The government's debt soared in the first half of the current calendar year, fuelled by a sharp rise in its borrowing, an American consultancy has found.
The government borrowing shot up by 3.5 percentage points to 37.8 per cent of the GDP during January-June compared with the same period a year earlier, according to the Institute of International Finance, a Washington-based financial intelligence.
The household debt surged to 11 per cent of the Gross Domestic Product during the first half of the year against 10.5 per cent at the same period last year.
The financial sector debt increased to 2.3 per cent of the GDP during the period under review against that of 2.1 per cent of the same period a year earlier. Financial institutions issue some debt instruments, mostly junior bonds, to meet their capital shortfall.
The non-financial corporate debt, however, slightly dropped to 35 per cent of the GDP from 35.8 per cent during the same period last year.
Economists attributed the rise in the government's debt to the poor revenue mobilisation and slow economic activities.
They said the COVID-19 pandemic continues to hit the domestic economy, leading to the fall in revenue collections.
Many people were unemployed or saw their income slump in the aftermath of the outbreak of the deadly virus.
Dr. Ahsan H Mansur, executive director at the Policy Research Institute of Bangladesh (PRI), a private think tank, told the FE that the main reason for a spike in government debt is falling tax collection.
"The revenue mobilisation was much lower in the past six months than the same period last year. This was the main reason," Dr. Mansur said.
He said the revenue shortfall will exacerbate the situation as the government services its debt from taxes.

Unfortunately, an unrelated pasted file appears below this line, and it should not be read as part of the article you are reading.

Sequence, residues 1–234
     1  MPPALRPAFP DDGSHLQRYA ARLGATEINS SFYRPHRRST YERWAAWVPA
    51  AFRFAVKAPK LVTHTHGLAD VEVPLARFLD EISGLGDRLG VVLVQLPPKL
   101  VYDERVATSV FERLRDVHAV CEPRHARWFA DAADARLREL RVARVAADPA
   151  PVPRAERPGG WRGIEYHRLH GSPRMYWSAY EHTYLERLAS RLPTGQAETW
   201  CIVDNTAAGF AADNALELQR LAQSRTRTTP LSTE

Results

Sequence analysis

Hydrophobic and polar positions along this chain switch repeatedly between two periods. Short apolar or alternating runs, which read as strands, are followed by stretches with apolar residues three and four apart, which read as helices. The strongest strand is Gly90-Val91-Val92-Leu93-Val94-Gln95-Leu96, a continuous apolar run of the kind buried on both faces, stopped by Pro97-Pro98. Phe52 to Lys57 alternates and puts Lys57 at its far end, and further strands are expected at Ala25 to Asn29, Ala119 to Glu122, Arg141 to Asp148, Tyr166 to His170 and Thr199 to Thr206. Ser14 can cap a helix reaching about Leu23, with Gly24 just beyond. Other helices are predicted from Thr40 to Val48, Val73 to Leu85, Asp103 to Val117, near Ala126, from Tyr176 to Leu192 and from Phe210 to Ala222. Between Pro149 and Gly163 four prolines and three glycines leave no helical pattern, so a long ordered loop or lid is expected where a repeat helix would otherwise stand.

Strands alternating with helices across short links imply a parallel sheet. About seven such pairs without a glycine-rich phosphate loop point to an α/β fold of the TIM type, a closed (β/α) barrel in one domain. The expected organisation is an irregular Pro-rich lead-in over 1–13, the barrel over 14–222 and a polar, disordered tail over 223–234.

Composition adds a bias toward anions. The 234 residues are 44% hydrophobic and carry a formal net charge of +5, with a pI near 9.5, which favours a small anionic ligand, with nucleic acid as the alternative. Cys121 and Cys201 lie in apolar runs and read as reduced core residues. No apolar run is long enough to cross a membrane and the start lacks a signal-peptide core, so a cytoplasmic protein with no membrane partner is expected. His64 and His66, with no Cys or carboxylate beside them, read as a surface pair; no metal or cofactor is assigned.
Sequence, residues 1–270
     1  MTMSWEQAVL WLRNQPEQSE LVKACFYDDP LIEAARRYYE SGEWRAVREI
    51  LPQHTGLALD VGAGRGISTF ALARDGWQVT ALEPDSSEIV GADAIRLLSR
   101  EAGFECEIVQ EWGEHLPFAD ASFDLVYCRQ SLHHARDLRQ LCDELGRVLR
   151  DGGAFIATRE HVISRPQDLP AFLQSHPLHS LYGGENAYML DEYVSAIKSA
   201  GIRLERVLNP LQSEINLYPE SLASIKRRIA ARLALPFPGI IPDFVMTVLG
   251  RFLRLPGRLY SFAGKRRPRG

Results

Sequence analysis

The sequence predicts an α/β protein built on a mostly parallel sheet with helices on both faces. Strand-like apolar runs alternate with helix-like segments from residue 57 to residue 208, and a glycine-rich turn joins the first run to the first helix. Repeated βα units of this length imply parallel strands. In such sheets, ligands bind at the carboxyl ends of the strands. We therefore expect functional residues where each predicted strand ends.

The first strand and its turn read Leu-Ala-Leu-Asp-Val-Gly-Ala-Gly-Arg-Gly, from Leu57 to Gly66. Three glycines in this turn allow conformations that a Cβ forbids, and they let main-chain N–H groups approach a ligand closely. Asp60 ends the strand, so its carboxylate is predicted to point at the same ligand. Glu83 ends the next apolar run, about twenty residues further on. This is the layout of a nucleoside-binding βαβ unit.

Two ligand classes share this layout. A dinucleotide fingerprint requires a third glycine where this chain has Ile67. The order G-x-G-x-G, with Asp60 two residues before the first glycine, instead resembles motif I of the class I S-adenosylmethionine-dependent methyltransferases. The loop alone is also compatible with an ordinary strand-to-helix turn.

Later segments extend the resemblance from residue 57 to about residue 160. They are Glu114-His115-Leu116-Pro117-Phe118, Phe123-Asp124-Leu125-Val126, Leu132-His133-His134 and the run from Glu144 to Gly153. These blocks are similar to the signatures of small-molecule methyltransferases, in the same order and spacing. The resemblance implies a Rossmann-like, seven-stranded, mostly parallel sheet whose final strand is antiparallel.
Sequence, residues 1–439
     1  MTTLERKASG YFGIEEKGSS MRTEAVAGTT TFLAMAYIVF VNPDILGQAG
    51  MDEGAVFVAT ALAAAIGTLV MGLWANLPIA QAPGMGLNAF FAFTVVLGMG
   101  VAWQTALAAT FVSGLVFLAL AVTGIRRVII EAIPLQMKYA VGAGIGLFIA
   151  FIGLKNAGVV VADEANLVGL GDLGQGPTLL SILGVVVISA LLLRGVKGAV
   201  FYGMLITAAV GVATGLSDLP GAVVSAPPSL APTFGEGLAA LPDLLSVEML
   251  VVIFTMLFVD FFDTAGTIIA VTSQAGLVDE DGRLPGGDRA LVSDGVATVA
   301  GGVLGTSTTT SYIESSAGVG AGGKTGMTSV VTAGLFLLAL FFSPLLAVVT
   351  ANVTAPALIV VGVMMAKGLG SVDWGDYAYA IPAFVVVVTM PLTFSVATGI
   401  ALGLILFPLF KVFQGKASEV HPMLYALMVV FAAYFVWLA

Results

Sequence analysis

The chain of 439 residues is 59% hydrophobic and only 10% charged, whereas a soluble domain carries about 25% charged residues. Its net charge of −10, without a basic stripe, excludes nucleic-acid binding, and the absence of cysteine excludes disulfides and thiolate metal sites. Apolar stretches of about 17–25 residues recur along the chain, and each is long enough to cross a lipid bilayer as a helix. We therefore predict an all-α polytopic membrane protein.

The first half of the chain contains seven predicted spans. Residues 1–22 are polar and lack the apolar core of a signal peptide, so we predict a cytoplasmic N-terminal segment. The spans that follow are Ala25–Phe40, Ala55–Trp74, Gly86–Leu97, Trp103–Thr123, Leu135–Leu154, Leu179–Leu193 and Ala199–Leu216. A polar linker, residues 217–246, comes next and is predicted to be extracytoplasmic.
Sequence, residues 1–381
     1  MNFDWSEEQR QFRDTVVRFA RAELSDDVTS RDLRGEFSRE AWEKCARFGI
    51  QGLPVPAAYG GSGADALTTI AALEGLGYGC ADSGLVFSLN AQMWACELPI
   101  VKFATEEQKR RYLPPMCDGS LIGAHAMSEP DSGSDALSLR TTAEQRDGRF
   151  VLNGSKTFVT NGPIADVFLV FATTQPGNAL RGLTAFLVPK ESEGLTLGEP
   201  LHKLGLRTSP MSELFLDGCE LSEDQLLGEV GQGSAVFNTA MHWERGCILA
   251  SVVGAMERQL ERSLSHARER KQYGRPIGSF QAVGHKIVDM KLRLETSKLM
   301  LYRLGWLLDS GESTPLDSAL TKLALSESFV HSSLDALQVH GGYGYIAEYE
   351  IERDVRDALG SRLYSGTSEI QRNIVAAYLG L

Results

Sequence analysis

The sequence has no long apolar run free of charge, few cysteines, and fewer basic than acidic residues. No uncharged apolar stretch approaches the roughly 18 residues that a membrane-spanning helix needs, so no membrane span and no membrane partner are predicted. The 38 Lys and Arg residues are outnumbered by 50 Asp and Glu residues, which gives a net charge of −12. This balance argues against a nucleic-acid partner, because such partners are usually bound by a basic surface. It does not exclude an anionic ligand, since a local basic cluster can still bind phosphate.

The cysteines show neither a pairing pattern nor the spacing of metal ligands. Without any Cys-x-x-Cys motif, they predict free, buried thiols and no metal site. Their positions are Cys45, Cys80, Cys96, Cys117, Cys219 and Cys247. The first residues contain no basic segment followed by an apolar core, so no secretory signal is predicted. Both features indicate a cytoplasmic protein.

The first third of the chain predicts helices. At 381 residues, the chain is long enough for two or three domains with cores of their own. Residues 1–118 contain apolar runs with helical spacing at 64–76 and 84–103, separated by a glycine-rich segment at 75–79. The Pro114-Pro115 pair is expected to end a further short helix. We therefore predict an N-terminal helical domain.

Another reason is the implementation of big projects, mostly financed by foreign borrowing.
"The big projects under construction have no financial returns, so the debt will increase more and its rate will be the fastest shortly."
Dr. Mustafa K. Mujeri, executive director at the Institute for Inclusive Finance and Development, told the FE that this was the high time the government took cautionary measures on the debt; otherwise it may turn out to be a big burden for the nation.
He said Bangladesh's external debt is on the rise as many private firms have been borrowing from overseas sources.
He stressed the need for proper and efficient uses of debt.
"There were instances of misuse of debt in the past," he said, warning the failure in servicing debt downgrades the country's credit ratings.
Dr Mujeri, who had served as the chief economist at the Bangladesh Bank, said the debt sustainability depends on the effective implementation of projects and proper uses of debt.
Dr. Mirza Azizul Islam, a former finance adviser, told the FE the debt is on a rising trend, fuelled by the COVID situation.
He said central banks across the globe are pushing "quantitative easing" and expansionary monetary policies to support the deficit.
He said once the pandemic goes away, the situation may improve provided that revenue board boosts collection.